Haul of Fame Wheelbarrows

These carts and wheelbarrows will help you get the job done.

| April/May 2007

  • Garden Carts
    From left: the Neuton, the Carts VT 26, the Carry All, the Brentwood, the Smart Cart and the Joe Built. 
    Photo courtesy STEVE MAXWELL
  • Wheelbarrow 3
    Lee Valley Smart Cart
    Photo courtesy STEVE MAXWELL
  • Wheelbarrow 6
    Carts Vermont Model 26
    Photo courtesy STEVE MAXWELL
  • Wheelbarrow 4
    Allsop WheelEasy LE
    Photo courtesy ALLSOP HOME & GARDEN
  • Wheelbarrow
    All Seasons Homestead Helpers Yard & Utility Cart
    Photo courtesy CHARLES HIGGINSON
  • Wheelbarrow 5
    Brentwood Industries PW8D
    Photo courtesy STEVE MAXWELL
  • Wheelbarrow 7
    Brentwood grease fitting
    Photo courtesy STEVE MAXWELL
  • Wheelbarrow 8
    Carts Vermont Woodchuck Firewood Hauler
    Photo courtesy STEVE MAXWELL
  • Wheelbarrow 9
    Joe-Built HD-500
    Photo courtesy STEVE MAXWELL
  • Wheelbarrow 10
    Flat-free tires are made of firm, closed-cell polyurethane foam. They’re available as options on many carts and are sold as replacements for older wheelbarrows.
    Photo courtesy ROBERT MAXWELL
  • Wheelbarrow 11
    Prestar Push Barrow
    Photo courtesy ROBERT MAXWELL
  • Wheelbarrow 12
    The Prestar’s retractable rear axle
    Photo courtesy ROBERT MAXWELL

  • Garden Carts
  • Wheelbarrow 3
  • Wheelbarrow 6
  • Wheelbarrow 4
  • Wheelbarrow
  • Wheelbarrow 5
  • Wheelbarrow 7
  • Wheelbarrow 8
  • Wheelbarrow 9
  • Wheelbarrow 10
  • Wheelbarrow 11
  • Wheelbarrow 12

I can’t begin to count the times I’ve relied on a good wheelbarrow. When my wife, Mary, and I began building our homestead on Manitoulin Island in Lake Huron in 1986, I bought the biggest, baddest ’barrow I could find — a Sinclair Erie steel-pan 6-cubic-foot contractor model with an air-filled tire. We used it to haul limestone and mix mortar for more than 400 tons of stonework. We washed our clothes in it with a scrub board, and we even took baths in it before we installed running water. After hauling countless loads of soil, compost, manure and firewood, my good old Erie is still going strong. But since I got it, several more excellent wheelbarrow and cart designs have come on the market.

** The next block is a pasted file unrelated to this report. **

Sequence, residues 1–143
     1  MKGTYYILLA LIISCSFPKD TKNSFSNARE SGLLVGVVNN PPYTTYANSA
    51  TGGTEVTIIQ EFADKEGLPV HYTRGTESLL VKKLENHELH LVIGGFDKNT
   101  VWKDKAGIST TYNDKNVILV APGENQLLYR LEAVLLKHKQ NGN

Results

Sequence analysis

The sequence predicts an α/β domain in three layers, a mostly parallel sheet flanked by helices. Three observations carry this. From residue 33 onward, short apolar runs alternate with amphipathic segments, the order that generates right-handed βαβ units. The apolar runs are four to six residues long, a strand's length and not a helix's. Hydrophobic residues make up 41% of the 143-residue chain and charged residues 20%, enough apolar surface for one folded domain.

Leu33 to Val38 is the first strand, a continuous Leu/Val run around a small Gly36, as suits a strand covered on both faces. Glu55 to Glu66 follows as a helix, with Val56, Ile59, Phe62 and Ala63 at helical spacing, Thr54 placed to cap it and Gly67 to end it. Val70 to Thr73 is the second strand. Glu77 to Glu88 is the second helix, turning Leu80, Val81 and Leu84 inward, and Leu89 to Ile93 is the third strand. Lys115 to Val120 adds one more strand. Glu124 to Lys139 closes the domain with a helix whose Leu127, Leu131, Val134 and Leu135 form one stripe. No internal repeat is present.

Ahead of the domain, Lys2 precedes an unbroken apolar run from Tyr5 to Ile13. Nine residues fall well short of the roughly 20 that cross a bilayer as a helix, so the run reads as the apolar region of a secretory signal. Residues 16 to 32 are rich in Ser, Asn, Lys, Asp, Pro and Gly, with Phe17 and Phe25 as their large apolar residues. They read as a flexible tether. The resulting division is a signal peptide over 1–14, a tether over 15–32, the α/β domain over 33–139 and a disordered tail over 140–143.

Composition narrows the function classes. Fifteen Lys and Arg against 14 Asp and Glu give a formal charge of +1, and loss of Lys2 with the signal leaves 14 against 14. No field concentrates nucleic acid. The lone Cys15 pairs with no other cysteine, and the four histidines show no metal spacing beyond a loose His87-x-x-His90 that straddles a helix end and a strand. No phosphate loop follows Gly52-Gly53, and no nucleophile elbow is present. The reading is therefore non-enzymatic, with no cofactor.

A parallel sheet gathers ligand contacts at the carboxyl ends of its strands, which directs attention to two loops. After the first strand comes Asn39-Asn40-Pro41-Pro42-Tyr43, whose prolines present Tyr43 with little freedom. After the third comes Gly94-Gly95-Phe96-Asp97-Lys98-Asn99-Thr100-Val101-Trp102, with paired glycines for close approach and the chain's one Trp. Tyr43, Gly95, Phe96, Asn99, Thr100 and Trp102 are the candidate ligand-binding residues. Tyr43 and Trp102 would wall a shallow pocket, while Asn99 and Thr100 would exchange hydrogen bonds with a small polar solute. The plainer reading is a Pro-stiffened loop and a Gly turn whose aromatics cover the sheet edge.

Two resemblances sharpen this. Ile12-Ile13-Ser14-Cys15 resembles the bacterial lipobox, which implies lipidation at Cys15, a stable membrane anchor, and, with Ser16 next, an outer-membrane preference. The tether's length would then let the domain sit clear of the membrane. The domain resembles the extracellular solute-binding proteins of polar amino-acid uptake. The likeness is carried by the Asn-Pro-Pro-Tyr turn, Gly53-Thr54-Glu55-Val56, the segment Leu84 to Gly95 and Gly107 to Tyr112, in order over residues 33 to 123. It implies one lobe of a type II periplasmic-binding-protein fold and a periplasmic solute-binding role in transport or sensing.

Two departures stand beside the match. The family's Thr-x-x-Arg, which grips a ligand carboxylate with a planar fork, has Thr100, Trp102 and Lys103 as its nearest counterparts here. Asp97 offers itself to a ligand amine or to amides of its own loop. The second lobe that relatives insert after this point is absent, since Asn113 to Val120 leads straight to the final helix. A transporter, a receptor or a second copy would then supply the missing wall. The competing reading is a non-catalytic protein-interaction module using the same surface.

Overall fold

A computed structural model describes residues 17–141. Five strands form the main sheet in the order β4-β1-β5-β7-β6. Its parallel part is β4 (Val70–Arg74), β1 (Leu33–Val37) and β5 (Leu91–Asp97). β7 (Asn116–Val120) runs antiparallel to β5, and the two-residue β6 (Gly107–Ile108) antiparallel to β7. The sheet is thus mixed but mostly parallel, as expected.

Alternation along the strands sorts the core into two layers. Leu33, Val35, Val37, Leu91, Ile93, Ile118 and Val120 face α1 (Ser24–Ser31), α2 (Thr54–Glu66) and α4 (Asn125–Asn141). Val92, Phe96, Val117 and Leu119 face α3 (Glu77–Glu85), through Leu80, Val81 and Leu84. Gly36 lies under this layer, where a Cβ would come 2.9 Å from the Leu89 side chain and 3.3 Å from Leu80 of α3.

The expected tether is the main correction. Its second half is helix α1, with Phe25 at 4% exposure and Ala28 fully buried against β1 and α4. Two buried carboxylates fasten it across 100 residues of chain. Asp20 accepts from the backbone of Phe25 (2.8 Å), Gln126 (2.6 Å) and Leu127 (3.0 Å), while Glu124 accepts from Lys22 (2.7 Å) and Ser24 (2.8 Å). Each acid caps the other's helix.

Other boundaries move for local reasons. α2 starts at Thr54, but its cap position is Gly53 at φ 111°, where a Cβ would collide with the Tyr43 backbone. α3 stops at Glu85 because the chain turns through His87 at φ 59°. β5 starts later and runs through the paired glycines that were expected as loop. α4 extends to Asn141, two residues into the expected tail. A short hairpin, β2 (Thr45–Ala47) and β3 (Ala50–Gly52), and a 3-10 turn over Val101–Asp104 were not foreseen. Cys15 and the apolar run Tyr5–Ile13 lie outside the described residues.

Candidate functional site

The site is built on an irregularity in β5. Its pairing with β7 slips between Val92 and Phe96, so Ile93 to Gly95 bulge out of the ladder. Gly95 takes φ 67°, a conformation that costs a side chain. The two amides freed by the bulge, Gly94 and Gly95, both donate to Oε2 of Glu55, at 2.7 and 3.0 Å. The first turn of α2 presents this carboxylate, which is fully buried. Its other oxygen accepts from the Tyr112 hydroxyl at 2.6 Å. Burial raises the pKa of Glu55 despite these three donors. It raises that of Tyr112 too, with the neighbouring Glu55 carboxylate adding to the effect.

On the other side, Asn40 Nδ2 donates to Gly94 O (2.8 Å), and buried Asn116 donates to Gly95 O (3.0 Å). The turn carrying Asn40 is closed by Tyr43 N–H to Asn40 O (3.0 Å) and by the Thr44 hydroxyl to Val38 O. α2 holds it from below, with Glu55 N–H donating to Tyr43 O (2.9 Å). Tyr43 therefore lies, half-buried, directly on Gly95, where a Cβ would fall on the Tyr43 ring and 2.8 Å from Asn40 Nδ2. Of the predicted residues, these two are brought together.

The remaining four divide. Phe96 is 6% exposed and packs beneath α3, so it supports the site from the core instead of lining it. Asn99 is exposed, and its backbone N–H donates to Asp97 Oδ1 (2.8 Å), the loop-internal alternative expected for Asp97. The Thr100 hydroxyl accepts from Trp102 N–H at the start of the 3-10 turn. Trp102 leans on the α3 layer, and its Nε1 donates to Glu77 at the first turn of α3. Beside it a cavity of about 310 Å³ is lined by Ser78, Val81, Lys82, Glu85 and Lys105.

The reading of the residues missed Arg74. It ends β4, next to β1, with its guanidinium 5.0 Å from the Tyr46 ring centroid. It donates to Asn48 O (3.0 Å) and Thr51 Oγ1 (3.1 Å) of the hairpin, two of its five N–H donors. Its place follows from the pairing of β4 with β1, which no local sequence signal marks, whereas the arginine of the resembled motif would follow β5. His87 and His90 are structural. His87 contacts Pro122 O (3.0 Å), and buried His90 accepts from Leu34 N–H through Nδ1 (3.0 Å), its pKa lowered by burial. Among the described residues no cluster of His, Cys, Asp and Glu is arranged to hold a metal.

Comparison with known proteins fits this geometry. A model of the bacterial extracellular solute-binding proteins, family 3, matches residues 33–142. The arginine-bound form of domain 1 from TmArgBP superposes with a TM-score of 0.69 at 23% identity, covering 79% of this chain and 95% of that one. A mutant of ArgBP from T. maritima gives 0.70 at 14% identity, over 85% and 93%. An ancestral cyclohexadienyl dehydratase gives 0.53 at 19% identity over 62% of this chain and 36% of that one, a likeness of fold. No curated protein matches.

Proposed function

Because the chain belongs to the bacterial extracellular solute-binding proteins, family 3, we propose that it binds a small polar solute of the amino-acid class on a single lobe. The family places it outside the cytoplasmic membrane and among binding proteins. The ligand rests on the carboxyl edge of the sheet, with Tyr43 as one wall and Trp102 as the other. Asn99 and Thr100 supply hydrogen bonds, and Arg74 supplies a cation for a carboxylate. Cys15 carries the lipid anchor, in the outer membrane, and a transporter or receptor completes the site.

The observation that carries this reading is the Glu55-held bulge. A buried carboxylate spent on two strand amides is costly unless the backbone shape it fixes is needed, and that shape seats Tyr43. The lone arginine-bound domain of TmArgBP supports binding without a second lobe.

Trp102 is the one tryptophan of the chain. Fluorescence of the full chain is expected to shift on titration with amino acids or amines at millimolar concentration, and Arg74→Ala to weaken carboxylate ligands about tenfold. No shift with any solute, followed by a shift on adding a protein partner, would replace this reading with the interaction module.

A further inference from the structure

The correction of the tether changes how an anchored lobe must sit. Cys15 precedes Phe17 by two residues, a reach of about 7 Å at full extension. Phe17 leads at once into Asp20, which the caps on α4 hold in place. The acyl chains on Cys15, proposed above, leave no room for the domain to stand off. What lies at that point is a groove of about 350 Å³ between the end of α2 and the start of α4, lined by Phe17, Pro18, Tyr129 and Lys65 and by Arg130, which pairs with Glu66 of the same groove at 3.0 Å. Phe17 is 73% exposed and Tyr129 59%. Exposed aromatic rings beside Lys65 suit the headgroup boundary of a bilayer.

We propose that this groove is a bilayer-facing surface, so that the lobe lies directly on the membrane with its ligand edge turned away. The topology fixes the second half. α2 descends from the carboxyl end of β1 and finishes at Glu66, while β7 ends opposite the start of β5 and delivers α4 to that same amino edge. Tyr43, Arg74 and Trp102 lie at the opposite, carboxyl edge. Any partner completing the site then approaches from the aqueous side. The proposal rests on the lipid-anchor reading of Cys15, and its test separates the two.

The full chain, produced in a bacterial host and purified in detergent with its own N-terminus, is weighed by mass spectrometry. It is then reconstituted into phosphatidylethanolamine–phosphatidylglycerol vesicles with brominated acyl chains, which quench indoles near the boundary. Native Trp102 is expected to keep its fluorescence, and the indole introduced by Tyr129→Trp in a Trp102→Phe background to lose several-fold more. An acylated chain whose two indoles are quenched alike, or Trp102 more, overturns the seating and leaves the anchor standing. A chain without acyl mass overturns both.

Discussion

In the yard, vegetable patch or building site, a good wheelbarrow or garden cart can multiply your muscle power many times over. They also can help you move heavy loads more safely. A good ’barrow always has been an essential tool for self-reliance. But these days, advances in design and materials mean leading models deliver even more value. The trick is choosing the best design for your needs from a wide range of options.

To compare designs head to head, Mary and I gathered more than a dozen wheelbarrows and carts representing the best designs available. With the help of family and friends, we used them on our homestead over an eight-week period spanning the busy spring and summer gardening and building seasons. We discovered some wonderful general-purpose models and some that excel at specific tasks — in all, I recommend several with complete confidence.

Cart or Wheelbarrow?

If you work primarily in the garden, then a cart probably will serve you better than a wheelbarrow. Carts typically include a large box- or tub-shaped body, with big wheels for easy rolling. They usually have crossbar handles rather than the straight-back handles typical of wheelbarrows. You can’t mix a batch of mortar conveniently in most garden carts, but they can’t be beat for hauling a bulky load of raspberry prunings or sacks of topsoil.



If your outdoor work is a mix of building, gardening and livestock care, then your best bet probably is a heavy-duty construction wheelbarrow. These traditional designs include a curved pan, medium-size wheels and two straight wooden handles. They can manage almost any job, and they’re outstanding for a handful of specific jobs.

Got kids? A few small, high-quality carts and wheelbarrows are sized well for introducing youngsters to outdoor work.






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